- General VAT polymerization Resolution: ±0.15 mm
- VAT polymerization materials are known for low cost but rather high resolution
- Common uses:
- All types of prototypes; commonly used by product developers and engineers for such prototypes.
- Medical and dental applications
- Strengths: smooth surface, high resolution, and low cost, various colors
- Recommended products for SLA/DLP/MSLA
SLA is the original Industrial 3D Printing Process, invented by Chuck Hull in 1986. He filed the patent for the SLA-1 machine. The SLA is also known as SL, photo-solidification, optical fabrication, and resin printing. (Source: All3DP)
- Key Features
- Uses UV laser and mirrors, known as galvanometers. These galvanometers are positioned on the x-axis and y-axis.
- A layer by layer build
- Process overview
- The galvos are used to aim the laser beam across a vat of resin.
- This process of aiming the laser cures and solidifies a cross-section of objects inside a building area in the projected shape
- The process proceeds as the build platform moves up (or down, depending on the specific 3D Printer).
- After processing, the part sits in a chamber to fully cure.
- Are Support Structure needed?
- Yes, support structures are often required
- Common Materials
- Epoxy-based or acrylate-based resins
- High level of details (High Resolution)
- Smooth surface finishes
- Tight tolerances
- Lengthy post-processing (required)
Digital Light Process (DLP)
As mentioned previously, a DLP is very similar to SLA, but the key difference is that DLP cures liquid using a digital light projector screen.
- Key Features
- Light is projected onto the resin via light-emitting diode (LED) or a UV light source
- A full and single image is projected on each layer all at once
- Process Overview
- Build surface is consisted of DMD, a digital micro mirror device. This is an array of micro-mirrors which controls the light projection location and the overall generation of the light pattern on the build surface.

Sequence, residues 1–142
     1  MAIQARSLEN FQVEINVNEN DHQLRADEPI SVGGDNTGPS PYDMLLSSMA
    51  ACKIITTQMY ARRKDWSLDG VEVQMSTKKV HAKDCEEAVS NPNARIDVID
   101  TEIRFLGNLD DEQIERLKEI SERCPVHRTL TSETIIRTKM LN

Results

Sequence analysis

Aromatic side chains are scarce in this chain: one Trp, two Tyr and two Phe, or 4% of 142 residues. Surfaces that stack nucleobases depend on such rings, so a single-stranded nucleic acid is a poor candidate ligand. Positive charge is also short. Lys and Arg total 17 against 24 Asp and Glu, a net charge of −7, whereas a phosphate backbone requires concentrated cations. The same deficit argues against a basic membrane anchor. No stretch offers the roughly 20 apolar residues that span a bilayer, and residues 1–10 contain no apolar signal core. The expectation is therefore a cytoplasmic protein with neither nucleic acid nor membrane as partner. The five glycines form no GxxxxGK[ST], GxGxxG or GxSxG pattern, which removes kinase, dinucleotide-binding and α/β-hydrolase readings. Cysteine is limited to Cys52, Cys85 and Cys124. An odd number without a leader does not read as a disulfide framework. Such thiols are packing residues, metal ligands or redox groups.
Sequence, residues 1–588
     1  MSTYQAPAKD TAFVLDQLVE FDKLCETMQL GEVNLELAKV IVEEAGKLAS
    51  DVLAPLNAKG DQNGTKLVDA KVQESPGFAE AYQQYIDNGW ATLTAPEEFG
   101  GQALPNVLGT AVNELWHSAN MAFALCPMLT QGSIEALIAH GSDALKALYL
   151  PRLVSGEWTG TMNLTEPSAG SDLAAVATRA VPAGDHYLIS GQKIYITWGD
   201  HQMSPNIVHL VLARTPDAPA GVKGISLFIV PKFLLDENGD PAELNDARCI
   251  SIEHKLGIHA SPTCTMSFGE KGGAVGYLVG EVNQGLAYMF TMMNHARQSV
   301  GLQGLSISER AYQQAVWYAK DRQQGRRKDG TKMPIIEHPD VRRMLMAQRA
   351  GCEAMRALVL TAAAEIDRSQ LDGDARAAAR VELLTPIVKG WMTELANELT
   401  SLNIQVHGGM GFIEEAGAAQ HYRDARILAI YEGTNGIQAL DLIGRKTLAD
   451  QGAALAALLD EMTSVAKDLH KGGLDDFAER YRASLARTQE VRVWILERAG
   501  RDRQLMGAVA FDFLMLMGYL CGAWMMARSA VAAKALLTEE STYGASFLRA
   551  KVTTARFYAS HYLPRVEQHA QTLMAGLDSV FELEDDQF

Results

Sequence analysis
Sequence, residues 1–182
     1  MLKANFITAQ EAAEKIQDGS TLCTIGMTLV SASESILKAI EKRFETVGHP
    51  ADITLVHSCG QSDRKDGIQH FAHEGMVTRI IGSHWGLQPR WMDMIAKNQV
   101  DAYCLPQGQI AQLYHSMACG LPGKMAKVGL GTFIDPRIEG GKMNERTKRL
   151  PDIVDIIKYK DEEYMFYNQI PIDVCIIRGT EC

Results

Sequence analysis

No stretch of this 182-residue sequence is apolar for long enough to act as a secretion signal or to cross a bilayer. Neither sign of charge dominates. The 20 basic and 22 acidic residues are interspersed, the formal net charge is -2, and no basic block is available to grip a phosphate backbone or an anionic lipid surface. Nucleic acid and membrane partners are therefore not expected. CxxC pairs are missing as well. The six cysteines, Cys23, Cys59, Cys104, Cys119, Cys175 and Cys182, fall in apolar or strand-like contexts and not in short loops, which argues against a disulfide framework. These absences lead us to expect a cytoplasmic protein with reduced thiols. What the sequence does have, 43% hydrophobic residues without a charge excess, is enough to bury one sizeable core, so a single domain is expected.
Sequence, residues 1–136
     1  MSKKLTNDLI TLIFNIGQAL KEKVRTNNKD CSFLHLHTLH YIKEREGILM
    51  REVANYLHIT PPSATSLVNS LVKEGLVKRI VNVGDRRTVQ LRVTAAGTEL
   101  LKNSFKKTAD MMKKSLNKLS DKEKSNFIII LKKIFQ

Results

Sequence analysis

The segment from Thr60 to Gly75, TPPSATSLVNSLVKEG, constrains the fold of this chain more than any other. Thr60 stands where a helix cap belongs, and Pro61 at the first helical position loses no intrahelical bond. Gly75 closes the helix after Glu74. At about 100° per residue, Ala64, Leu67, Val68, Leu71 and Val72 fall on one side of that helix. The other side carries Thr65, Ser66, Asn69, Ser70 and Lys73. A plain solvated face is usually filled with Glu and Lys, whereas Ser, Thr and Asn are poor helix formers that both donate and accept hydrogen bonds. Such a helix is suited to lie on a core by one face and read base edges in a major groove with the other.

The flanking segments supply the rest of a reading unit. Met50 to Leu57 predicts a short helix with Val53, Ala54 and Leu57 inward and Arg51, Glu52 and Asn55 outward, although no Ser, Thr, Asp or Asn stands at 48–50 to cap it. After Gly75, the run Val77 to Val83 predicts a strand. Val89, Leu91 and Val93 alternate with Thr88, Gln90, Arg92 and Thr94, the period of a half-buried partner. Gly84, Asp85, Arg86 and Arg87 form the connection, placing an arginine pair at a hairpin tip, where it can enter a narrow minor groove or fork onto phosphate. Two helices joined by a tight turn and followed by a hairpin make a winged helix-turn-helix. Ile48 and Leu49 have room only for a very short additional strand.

- The LED or UV light uses these DMD to project a single image of light pattern on the build surface
- Once the material has polymerized, the printer proceeds to the next image, or cross-section.
- DLP can image an entire layer of the build at once hence increasing the overall build speed (in comparison to SLA)
- Resolution is restricted to voxels. Voxels are the 3-dimensional rectangular pixels resulting from the image projected.
Here is a video of both the SLA and DLP printing process explained above.
Masked Stereolithography (MSLA)
Masked stereolithography is similar DLP as it uses an image to print. In MSLA printing, an array of lights is covered by a digital mask which permits the pattern of light to pass through to make a specific design.
- The UV light that shines through the LCD screen displaying a single layer of the mask hits the resin that can then polymerize
- All layers can be printed almost at once
- MSLA uses an array of multiple individual emitters rather than a single point emitting light source such as the DLP.
- Lower costs of LCD make this type a viable selection for a budget friendly desktop resin printer.
- Extremely high throughput, as multiple layers can be printed at once.
- LCD photo mask is also composed of square pixels (like the DLP)
- Unlike DLP, the XY accuracy cannot be adjusted as it is fixed and independent of the zoom/scale of the lens
Check out this video of MSLA if you want to see the print process yourself!
Powder Bed Fusion (Polymers)
In powder bed fusion for polymers, a thermal energy sources electively induces merging between powder particles inside a build area. The merging polymers create the desired solid object.
- Materials: Powder bed fusions are preferred for its strong selections of materials such thermoplastic powder
- Nylons such as Nylon 6, Nylon 11, and Nylon 12
- Rubber-like materials
- Resolution: ±0.3 mm